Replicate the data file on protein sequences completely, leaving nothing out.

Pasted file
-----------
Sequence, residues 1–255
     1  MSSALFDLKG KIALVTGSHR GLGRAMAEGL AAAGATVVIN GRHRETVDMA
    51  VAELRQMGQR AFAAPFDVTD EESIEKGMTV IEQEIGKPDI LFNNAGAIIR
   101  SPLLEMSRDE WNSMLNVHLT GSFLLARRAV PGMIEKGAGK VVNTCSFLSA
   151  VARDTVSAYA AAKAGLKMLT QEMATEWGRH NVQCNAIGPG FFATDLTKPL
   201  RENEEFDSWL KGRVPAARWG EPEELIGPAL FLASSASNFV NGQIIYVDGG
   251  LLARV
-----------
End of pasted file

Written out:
Sequence, residues 1–255
     1  MSSALFDLKG KIALVTGSHR GLGRAMAEGL AAAGATVVIN GRHRETVDMA
    51  VAELRQMGQR AFAAPFDVTD EESIEKGMTV IEQEIGKPDI LFNNAGAIIR
   101  SPLLEMSRDE WNSMLNVHLT GSFLLARRAV PGMIEKGAGK VVNTCSFLSA
   151  VARDTVSAYA AAKAGLKMLT QEMATEWGRH NVQCNAIGPG FFATDLTKPL
   201  RENEEFDSWL KGRVPAARWG EPEELIGPAL FLASSASNFV NGQIIYVDGG
   251  LLARV